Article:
A bank holding company is restricted in the types of activities in which it can engage.  Activities of bank holding companies are restricted to activities permissible for a bank holding company (generally, banking or activities closely related to banking) or a financial holding company (FHC) (generally, activities financial in nature or incidental to a financial activity), if it qualifies for the latter designation because of capital and management ratings.

The test also is applicable to any companies the BHC might want to acquire because it can only gain control of another company if it can engage in the activities in which a BHC or FHC can engage.

At the other end of the spectrum, there is a presumption that any company that directly or indirectly owns, controls, or has power to vote less than 5 per cent of any class of voting securities of a given bank or company does not have control over that bank or company.

While the first two prongs of control – 25 per cent or more of any class of voting securities and controlling the election of a majority of the directors – are objective determinations of control, ownership of between 5 per cent and 25 per cent of any class of voting securities requires that the Federal Reserve Board review all the facts and circumstances on a case-by-case basis in order to make a control determination.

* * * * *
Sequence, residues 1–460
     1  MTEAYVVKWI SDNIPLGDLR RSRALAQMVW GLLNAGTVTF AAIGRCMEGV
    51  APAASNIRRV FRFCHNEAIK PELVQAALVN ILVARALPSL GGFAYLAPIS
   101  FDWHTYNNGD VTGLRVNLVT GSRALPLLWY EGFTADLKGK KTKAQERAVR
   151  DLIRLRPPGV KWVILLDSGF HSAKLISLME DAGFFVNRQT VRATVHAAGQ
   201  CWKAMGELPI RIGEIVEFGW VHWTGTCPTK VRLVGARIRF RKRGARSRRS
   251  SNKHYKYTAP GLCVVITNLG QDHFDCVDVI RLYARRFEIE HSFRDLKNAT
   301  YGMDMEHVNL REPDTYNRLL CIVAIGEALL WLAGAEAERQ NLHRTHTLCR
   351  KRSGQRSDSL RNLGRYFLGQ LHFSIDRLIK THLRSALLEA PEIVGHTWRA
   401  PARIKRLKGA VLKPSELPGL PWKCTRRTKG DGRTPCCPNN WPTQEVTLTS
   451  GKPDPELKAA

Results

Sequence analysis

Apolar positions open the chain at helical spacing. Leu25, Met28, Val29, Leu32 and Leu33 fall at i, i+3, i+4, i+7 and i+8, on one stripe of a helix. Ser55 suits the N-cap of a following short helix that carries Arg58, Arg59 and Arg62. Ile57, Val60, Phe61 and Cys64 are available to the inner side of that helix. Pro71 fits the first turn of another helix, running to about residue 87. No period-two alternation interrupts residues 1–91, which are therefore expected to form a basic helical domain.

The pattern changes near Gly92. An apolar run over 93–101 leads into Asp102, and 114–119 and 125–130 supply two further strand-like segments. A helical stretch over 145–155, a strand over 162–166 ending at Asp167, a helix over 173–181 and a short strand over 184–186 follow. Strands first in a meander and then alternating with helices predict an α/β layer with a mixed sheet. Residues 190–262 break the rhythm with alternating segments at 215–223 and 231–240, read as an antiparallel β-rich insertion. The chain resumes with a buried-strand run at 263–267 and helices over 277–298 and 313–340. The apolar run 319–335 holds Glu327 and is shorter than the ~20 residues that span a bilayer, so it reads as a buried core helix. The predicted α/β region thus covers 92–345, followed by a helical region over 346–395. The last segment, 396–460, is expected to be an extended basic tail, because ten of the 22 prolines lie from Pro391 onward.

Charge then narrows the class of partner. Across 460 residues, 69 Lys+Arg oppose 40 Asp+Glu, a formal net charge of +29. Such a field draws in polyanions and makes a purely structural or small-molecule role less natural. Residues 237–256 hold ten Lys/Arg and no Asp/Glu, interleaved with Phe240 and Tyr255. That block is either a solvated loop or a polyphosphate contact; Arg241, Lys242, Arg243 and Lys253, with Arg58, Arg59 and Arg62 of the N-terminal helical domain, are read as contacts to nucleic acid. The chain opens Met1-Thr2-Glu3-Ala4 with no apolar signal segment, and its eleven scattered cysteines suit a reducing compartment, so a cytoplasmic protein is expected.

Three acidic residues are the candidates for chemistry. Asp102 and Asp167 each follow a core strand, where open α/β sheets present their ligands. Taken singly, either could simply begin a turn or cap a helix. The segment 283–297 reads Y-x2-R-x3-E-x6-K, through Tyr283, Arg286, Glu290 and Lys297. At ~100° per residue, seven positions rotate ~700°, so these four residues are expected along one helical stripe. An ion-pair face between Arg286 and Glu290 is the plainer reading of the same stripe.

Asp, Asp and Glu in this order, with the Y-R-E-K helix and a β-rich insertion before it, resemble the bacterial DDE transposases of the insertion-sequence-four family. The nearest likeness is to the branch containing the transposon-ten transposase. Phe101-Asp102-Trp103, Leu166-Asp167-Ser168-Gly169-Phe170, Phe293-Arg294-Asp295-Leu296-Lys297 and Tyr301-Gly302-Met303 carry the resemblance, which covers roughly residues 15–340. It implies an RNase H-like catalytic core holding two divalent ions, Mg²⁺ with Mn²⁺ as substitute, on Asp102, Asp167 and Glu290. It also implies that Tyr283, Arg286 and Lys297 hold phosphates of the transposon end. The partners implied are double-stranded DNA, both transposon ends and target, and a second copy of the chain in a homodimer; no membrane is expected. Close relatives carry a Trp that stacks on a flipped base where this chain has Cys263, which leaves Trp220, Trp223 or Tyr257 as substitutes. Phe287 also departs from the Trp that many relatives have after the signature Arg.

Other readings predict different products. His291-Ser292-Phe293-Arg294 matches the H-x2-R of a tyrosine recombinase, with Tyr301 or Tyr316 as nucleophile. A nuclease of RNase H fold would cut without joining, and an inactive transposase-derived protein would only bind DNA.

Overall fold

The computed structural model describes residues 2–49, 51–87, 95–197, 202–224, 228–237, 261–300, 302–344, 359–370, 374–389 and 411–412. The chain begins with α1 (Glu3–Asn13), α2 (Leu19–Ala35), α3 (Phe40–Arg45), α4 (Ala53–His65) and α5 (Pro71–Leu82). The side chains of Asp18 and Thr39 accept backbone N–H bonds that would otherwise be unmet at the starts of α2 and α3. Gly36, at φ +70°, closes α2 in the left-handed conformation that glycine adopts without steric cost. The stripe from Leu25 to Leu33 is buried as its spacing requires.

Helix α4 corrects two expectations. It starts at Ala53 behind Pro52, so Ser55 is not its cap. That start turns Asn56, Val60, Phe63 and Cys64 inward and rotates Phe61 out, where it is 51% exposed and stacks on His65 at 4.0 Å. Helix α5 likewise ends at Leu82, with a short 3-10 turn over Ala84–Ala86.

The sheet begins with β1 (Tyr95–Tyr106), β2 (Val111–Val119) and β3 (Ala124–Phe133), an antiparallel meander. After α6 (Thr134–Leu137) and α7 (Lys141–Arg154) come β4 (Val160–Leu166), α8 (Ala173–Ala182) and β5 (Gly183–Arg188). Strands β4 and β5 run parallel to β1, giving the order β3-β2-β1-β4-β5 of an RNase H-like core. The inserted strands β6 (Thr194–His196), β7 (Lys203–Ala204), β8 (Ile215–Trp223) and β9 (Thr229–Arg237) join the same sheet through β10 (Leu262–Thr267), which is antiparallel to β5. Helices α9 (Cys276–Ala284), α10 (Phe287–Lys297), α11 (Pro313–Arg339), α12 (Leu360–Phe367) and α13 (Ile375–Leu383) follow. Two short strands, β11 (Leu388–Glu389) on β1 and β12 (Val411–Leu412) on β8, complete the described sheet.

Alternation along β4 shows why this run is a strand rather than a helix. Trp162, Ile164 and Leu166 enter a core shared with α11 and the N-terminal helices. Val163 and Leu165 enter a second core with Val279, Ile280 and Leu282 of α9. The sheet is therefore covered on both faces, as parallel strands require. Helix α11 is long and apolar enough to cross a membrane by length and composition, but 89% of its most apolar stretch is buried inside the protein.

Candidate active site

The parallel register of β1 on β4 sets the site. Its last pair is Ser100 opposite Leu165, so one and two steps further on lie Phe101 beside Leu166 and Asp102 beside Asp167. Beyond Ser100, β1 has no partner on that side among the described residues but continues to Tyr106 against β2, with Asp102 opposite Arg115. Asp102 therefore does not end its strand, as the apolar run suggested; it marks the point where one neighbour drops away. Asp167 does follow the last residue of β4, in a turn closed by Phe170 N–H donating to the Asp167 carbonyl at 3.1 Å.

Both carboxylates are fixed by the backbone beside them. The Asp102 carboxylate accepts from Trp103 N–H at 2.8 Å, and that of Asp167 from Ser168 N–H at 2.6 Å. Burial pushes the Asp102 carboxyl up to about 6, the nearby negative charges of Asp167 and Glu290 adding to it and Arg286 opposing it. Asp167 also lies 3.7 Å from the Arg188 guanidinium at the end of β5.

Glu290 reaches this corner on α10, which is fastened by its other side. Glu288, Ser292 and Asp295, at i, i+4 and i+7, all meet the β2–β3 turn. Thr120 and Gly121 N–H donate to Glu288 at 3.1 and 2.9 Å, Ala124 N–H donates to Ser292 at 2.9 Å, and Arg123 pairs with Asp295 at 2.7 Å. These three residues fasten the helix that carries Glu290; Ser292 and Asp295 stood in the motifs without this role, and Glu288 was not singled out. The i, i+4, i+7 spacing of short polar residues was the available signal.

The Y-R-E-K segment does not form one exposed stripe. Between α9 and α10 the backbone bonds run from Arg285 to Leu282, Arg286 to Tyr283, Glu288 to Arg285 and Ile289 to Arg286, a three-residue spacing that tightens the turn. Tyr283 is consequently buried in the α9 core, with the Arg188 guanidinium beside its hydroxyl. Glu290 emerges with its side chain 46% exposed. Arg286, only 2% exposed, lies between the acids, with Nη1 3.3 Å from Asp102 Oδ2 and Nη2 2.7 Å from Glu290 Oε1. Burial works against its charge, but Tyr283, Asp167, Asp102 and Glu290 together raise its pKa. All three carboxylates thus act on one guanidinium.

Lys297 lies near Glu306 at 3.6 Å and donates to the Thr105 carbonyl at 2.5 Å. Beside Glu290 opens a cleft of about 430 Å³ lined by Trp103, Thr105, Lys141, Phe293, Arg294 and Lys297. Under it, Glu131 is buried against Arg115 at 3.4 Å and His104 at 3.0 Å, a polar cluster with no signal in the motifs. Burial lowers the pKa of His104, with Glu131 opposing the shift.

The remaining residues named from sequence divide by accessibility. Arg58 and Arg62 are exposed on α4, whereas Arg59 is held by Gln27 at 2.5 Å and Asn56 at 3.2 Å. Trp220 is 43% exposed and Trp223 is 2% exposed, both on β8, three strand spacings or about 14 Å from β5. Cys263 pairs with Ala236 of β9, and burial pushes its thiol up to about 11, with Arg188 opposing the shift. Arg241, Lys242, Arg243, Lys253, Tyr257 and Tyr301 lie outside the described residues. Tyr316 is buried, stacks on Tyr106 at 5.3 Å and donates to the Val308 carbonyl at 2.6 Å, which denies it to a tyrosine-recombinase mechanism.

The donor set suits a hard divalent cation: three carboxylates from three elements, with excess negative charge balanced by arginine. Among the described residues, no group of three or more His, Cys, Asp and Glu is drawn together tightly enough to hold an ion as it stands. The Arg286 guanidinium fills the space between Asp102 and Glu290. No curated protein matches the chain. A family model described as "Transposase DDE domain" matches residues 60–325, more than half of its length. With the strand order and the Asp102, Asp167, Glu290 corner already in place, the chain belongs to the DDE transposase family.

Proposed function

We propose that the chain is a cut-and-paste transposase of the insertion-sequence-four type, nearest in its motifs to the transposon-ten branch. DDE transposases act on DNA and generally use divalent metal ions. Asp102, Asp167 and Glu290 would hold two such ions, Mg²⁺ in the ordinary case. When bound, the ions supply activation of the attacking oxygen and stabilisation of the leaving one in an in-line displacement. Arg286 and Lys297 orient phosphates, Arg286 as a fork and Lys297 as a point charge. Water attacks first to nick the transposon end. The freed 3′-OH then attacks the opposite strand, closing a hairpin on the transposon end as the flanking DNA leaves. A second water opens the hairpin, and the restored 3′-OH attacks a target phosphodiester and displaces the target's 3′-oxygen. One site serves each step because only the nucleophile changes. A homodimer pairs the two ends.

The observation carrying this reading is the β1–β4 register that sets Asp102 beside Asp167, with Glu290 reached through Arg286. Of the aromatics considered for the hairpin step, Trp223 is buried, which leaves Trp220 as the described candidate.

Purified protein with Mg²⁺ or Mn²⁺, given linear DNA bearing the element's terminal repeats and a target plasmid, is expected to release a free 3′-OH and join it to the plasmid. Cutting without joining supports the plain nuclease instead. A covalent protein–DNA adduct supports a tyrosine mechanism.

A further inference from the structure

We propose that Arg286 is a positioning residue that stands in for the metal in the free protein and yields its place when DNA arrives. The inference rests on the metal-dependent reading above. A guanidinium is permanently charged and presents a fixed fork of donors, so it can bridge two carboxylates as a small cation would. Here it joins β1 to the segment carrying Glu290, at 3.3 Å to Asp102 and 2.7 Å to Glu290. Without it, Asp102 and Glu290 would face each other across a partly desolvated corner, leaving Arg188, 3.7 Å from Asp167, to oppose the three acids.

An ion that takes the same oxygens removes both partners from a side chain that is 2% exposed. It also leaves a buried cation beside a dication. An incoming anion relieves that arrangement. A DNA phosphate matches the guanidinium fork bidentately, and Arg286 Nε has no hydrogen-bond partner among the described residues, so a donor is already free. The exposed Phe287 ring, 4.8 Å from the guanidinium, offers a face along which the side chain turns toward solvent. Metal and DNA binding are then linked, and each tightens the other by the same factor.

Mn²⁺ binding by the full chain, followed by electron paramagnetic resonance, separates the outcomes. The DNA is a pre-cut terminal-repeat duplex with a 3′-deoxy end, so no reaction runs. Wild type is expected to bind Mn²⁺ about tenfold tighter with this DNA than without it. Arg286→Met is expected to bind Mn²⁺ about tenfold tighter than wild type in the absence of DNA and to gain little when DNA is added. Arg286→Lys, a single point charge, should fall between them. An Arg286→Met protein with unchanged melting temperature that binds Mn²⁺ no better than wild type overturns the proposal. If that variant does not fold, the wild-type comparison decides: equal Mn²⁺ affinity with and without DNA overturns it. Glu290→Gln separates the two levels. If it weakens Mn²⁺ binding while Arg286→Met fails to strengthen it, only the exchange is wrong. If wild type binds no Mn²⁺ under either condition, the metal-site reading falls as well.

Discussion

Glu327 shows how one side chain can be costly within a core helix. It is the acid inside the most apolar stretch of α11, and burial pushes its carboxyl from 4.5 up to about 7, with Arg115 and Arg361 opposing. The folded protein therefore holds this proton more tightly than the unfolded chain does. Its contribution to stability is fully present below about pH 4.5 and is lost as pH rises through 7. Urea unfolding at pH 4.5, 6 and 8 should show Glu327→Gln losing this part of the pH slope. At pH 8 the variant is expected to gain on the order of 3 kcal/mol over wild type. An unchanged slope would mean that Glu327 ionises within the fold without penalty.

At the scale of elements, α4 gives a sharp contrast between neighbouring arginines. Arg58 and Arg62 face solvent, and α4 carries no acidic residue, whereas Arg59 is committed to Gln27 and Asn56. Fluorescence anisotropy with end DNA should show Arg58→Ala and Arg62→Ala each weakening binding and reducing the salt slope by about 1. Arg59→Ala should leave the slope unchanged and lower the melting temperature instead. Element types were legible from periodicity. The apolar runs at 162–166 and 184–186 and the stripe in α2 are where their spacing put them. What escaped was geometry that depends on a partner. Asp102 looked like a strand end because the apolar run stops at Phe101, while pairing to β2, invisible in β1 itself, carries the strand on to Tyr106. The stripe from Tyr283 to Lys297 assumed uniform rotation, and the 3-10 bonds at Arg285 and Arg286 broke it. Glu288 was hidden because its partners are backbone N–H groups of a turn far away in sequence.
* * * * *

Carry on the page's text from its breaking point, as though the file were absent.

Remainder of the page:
Proposed regulation

Over the years, Federal Reserve Board staff have developed some general standards that were used to evaluate such “in-between” transactions, but these standards were not set forth in a formally promulgated regulation. The proposed regulation would do just that, while at the same time, the Federal Reserve Board reserves the right in a particular case to make a control/non-control determination that might deviate from any new regulatory standards.

The proposal adds new sections to the Bank Holding Company Act regulations detailing the standards. Among other proposed revisions, rebuttable presumptions of control would arise at the following ownership or control levels between 5 per cent and 25 per cent of the outstanding securities of any class of voting securities: per cent